Childhood Obesity Task Force: Healthier Kids Through Transport and Community Design
Photo by Northcountry Boy,

Obama's Childhood Obesity Task Force advocates for more walking, cycling and better community design for America's youth. Photo by Northcountry Boy,

Here at TheCityFix, we’ve already written about how “fighting childhood obesity and creating opportunities for everyday activity and interaction through better planning go hand in hand.” Yesterday, our recommendations to move towards a more national model of active community design were echoed by Michelle Obama’s Childhood Obesity Task Force, which released its first Report to the President, “Solving the Problem of Childhood Obesity Within a Generation,” as part of the national Let’s Move! campaign.

Besides commenting on how kids are eating too much fast food and watching too much TV, the 124-page report also acknowledges that America’s youth are less physically active as a result of fewer transport choices and poorly integrated community design:

[C]hildren are increasingly driven to school by car or bus, rather than walking or biking 50 In part, these shifts in transportation reflect changes in community design. Physical activity is higher in more “connected”communities that provide safe and reliable access to public transportation, as well as other forms of active transport like biking and walking.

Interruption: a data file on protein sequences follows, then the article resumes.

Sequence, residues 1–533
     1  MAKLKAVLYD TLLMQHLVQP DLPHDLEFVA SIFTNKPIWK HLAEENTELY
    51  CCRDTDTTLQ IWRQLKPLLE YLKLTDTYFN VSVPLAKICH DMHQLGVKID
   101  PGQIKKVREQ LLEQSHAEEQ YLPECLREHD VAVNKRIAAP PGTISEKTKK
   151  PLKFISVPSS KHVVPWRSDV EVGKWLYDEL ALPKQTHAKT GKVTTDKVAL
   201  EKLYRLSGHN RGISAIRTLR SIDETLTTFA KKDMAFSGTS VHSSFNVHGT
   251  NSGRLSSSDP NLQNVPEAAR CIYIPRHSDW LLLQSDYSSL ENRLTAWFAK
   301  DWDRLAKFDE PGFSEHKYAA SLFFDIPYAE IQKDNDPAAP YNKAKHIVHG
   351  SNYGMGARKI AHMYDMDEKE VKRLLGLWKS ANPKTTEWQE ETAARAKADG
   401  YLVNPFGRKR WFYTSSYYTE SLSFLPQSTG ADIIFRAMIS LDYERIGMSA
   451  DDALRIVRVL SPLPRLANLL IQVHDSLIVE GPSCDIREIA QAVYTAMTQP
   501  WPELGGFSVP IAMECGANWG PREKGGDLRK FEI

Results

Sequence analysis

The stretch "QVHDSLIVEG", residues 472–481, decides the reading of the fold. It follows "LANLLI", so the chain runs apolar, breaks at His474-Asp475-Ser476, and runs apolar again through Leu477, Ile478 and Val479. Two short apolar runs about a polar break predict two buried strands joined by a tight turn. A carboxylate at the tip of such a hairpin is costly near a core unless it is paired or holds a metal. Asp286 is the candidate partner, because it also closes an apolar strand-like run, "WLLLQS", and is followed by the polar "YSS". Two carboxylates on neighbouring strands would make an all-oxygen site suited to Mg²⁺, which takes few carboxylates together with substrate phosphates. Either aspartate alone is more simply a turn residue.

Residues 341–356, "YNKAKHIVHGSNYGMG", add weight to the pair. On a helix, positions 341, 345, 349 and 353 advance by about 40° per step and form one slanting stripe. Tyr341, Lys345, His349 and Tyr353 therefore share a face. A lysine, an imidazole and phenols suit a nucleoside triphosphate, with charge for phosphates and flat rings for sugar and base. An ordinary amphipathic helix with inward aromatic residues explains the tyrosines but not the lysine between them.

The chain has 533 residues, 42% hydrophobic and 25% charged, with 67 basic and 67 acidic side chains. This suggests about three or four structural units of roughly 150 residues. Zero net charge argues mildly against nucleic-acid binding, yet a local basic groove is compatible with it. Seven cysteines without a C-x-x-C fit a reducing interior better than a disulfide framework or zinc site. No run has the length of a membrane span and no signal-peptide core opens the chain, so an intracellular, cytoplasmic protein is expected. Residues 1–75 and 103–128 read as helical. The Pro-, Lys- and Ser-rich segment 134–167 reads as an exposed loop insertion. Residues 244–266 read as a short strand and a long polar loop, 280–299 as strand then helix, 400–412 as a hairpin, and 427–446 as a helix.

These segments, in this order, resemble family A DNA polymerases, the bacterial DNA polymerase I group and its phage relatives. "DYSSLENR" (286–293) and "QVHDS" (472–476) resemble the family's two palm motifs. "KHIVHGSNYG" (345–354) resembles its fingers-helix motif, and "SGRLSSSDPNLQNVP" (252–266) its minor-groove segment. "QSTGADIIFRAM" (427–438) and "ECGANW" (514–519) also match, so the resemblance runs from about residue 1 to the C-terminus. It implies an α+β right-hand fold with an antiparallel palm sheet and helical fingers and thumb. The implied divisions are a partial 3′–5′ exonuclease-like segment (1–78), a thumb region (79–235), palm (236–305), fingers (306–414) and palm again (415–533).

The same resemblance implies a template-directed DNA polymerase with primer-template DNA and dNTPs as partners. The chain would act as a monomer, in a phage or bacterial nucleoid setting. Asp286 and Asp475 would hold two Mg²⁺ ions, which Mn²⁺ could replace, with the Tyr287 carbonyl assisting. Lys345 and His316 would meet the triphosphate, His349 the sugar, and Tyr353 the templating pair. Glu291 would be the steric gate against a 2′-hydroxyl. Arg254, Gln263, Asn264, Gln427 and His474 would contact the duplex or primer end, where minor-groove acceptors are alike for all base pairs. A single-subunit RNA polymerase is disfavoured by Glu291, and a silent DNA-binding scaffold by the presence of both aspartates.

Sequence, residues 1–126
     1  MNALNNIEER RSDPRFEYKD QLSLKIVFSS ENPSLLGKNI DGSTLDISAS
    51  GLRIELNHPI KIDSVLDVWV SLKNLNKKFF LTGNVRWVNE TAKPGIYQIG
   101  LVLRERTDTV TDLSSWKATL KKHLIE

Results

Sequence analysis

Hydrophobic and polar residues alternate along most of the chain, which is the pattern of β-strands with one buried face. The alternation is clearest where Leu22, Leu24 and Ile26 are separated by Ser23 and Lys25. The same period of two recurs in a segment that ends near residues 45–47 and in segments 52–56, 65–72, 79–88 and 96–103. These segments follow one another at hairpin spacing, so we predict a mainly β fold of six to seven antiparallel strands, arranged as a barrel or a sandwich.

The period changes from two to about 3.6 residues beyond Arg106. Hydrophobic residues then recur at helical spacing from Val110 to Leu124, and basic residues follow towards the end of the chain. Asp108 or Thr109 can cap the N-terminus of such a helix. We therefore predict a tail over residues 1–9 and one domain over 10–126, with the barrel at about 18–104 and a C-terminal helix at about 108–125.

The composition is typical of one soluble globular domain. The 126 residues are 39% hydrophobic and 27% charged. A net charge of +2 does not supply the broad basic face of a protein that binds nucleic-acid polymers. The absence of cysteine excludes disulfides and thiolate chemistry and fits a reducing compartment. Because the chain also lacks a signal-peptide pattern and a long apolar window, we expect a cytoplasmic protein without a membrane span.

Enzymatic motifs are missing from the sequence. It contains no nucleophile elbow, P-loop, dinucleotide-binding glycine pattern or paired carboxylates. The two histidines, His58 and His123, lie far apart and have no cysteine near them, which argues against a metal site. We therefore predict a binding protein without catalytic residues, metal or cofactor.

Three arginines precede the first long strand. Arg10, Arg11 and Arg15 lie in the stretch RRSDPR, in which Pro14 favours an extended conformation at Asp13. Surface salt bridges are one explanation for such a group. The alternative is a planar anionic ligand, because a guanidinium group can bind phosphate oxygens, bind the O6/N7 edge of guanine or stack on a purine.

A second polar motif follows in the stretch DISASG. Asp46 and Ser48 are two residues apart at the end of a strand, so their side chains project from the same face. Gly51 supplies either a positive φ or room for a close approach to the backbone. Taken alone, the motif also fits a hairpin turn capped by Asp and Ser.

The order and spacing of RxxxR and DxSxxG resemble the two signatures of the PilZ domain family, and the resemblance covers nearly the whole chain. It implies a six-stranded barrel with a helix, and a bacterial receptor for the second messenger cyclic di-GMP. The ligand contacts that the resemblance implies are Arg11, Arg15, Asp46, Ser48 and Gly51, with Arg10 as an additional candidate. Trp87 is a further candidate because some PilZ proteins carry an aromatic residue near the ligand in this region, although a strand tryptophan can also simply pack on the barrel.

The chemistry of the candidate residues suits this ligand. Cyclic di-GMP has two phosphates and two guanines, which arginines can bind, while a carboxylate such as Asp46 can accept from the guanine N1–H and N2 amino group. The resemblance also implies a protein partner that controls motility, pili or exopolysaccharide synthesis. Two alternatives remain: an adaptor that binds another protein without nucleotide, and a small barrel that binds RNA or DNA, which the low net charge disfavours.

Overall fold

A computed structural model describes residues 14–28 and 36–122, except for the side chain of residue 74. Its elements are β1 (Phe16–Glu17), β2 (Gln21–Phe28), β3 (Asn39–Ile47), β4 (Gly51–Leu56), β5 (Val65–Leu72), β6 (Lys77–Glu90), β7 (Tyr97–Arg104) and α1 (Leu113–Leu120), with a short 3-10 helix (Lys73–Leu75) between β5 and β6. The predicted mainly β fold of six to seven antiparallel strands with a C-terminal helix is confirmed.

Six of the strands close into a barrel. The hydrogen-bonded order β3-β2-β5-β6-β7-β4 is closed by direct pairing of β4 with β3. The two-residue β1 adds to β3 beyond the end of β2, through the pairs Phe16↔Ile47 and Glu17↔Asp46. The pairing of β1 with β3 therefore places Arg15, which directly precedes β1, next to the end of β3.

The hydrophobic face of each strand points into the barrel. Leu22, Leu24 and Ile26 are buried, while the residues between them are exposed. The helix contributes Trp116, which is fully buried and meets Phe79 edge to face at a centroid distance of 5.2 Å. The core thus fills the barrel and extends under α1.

The task force outlines several recommendations related to sustainable transport and urban planning, particularly in regards to its goals of 1) increasing access to healthy, affordable food, and 2) increasing overall physical activity Below are some highlights.

Access to Healthy, Affordable Food

  • Local governments should be encouraged to create incentives to attract supermarkets and grocery stores to under- served neighborhoods and improve transportation routes to healthy food retailers

Increasing Physical Activity

  • Reauthorize a Surface Transportation Act that enhances livability and physical activity
  • The Environmental Protection Agency should assist school districts that may be interested in siting guidelines for new schools that consider the promotion of physical activity, including whether students will be able to walk or bike to school
  • Communities should be encouraged to consider the impacts of built environment policies and regulations on human health
  • The Federal Safe Routes to School Program (SRTS) should be continued and enhanced to accommodate the growing interest in implementing Safe Routes to Schools plans in communities
  • “Active transport” should be encouraged between homes, schools, and community destinations for afterschool activities, including to and from parks, libraries, transit, bus stops, and recreation centers
  • Increase the number of safe and accessible parks and playgrounds, particularly in underserved and low-income communities
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